Published: December 17, 2019
Review and Photos by Rick Russack
MARLBOROUGH, MASS. – Last year’s Gurley Thanksgiving Antiques Show had about 80 dealers, and this year’s edition, on Sunday, December 1, had about 100. Rachel and Josh Gurley assumed management of the show a few years ago. It had been started by their late mother more than 30 years ago. They admit the first couple of years were a struggle, but the show is now on an upward trajectory. For buyers – both collectors and dealers – the show has been one of those “do not miss” events for years.
One of the interesting things about the show is that, like the other shows the sister and brother team manage, it is primarily a tabletop show, although several dealers leave plenty of open space in their booths for furniture. That format means it is not expensive for dealers, and the Gurleys have no objection to booths being shared by two dealers. A noticeable result is that the offerings are varied – there was a Rhode Island chest-on-chest priced at $25,000, and there were Christmas ornaments priced at just a few dollars. And many choices in between.
Those interested in folk art, early ceramics, good samplers, trade signs, early glass and so on, had plenty to look at. For those interested in old painted objects – furniture, baskets, cabinets, firkins and assorted woodenware – there was also plenty to see.
“Tabletop,” perhaps, but there was high-quality “brown” furniture in several booths. Heller-Washam, Portland, Maine, had, among other things, a small, circa 1755 high chest of drawers that was attributed, based on construction and design details, to the Connecticut River valley, perhaps Windsor or Wethersfield, Conn. Made of cherry and maple, it had a secret drawer, engraved brass, shell carvings in both sections and an old finish.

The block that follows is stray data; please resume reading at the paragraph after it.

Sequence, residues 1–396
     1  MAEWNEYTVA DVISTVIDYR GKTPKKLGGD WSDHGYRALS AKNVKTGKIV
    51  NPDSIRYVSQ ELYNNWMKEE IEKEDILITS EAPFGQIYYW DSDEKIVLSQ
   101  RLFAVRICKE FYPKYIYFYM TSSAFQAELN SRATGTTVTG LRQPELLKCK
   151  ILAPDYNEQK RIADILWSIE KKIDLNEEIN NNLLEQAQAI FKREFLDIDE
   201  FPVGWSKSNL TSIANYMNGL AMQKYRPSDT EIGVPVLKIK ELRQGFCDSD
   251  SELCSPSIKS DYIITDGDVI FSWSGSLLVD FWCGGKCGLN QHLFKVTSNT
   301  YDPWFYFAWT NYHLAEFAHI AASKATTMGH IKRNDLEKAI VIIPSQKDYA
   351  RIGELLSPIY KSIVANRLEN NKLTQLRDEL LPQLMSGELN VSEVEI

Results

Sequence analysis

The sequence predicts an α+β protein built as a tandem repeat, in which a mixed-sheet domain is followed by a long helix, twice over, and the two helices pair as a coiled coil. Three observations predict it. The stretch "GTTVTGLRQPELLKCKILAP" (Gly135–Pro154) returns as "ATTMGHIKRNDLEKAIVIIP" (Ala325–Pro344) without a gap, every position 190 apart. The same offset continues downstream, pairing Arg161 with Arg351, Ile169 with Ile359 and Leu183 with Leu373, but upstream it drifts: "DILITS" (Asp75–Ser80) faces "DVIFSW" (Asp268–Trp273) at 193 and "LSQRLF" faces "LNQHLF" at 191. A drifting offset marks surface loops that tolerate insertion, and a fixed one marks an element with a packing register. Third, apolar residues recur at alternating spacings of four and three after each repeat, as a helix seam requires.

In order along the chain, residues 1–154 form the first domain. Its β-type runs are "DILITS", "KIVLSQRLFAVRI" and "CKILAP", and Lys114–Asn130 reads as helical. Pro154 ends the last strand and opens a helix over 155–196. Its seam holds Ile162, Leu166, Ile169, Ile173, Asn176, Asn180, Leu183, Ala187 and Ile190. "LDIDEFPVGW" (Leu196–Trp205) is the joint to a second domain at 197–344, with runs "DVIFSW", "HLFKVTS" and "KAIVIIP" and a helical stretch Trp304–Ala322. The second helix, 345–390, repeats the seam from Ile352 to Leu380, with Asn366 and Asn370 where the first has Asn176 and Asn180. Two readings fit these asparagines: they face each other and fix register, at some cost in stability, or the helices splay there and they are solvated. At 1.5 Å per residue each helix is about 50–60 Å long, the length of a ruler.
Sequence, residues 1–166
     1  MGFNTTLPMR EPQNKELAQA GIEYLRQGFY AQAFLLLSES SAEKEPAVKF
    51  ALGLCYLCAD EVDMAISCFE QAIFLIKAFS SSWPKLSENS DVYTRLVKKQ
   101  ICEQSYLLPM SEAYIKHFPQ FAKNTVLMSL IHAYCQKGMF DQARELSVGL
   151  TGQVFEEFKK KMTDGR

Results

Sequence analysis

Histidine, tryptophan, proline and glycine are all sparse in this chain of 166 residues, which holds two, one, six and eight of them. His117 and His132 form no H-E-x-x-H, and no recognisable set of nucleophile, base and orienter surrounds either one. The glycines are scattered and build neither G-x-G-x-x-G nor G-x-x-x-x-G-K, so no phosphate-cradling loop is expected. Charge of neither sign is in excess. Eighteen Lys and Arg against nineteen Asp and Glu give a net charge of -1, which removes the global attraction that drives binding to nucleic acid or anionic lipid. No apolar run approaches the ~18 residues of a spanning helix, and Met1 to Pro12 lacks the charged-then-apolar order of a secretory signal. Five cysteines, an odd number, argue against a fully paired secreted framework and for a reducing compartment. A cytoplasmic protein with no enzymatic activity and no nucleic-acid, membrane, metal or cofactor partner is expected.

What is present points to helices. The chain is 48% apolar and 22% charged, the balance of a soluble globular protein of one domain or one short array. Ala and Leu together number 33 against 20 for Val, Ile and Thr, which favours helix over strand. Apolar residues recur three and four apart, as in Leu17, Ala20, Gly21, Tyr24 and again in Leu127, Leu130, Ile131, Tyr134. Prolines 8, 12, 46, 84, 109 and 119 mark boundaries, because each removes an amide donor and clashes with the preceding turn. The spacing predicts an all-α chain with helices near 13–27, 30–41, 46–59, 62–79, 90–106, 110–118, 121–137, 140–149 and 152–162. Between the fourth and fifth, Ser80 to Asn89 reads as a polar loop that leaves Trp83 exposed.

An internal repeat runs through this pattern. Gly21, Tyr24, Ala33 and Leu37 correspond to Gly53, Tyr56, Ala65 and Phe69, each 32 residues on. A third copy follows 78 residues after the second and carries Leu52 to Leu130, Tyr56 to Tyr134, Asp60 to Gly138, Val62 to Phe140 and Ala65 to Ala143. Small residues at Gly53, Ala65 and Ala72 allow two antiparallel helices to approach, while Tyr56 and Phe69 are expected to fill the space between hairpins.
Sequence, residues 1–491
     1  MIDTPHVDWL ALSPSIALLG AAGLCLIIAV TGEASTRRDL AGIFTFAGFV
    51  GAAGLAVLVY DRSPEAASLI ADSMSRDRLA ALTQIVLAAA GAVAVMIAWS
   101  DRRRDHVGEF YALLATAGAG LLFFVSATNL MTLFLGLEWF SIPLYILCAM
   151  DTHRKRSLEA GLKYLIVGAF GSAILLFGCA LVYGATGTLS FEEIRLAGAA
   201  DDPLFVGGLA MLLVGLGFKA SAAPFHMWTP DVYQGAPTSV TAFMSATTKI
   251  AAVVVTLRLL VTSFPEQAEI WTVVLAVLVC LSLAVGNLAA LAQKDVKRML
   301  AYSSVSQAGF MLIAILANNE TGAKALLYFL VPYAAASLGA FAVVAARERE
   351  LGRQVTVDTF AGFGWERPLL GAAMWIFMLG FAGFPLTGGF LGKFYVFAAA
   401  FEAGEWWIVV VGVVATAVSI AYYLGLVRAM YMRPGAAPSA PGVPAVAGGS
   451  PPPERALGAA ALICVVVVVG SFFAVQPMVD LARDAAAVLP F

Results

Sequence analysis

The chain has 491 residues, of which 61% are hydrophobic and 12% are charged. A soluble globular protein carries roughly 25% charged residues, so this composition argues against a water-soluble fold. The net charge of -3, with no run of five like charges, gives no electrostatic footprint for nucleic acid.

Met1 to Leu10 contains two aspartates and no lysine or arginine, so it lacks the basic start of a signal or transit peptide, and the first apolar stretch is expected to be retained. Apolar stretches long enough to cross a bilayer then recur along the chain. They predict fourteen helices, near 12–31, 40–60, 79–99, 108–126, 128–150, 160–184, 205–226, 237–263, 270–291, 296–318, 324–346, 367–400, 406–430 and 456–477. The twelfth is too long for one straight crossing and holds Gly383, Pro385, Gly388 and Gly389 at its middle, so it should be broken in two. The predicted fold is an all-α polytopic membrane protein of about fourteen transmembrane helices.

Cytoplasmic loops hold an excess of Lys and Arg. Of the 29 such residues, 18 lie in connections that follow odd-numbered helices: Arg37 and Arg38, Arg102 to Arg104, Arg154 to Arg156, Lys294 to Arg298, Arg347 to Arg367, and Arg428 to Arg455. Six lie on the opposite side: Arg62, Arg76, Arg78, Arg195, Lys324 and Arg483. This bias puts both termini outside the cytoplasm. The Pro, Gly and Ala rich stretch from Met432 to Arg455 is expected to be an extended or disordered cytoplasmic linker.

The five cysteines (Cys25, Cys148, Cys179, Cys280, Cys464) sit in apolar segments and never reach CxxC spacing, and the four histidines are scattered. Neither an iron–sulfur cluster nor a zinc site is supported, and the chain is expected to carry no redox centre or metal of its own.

Stephen-Douglas Antiques, Walpole, N.H., had an Eighteenth Century New Hampshire lolling chair priced at $1,600 and an early open splat back corner chair priced at $295. Brian Cullity, Sagamore, Mass., had a reasonably priced, cherry four-drawer chest on a bracket base for which he was asking $650. He said, “Nothing has been done to it. It’s one of my favorite forms.”
Rachel Gurley, Gurley Antiques, Scarborough, Maine, had an early highboy base to which a top had been added, and she was asking $465. Morgan Macwhinnie, Southampton, N.Y., had a booth full of furniture, as he always does, including early Windsor chairs and a selection of children’s chairs. Jason Hietala, Lancaster, Mass., had about a dozen large pieces of furniture in his space, spread out along the back wall of the show. His offerings included a circa 1785-1800 Dunlap chest-on-chest with a blanket drawer, in old red with original brass, for which he was asking $14,000. He also had a 1770-80 Rhode Island tiger maple chest-on-chest that he said bore the cipher of Abraham Tortellout, a Huguenot cabinetmaker who had settled in Gloucester, R.I. It was front and center of his booth and priced at $25,000.
Some furniture was not as easily identifiable. Greg Hamilton, Stone Block Antiques, Vergennes, Vt., had a table that was a traffic-stopper. You simply couldn’t miss this table – it was more than 11 feet long. Hamilton said he thought it was Mexican but was unsure of the age. It had four drawers, a heavy top and heavy, shaped legs. The wood was not readily identifiable but was the subject of much discussion during set-up. Brett Downer, Wayland, Mass., had an unusual piece of painted furniture. Lecterns are not uncommon, but this one was in the form of a stand or small table. It was grain-painted in red and black and was priced $675. Linda DeCoste, sharing her space with Robert Brocher, Newburyport, Mass., had a large, heavily carved chest that they thought was Spanish or Italian. It was priced $2,800.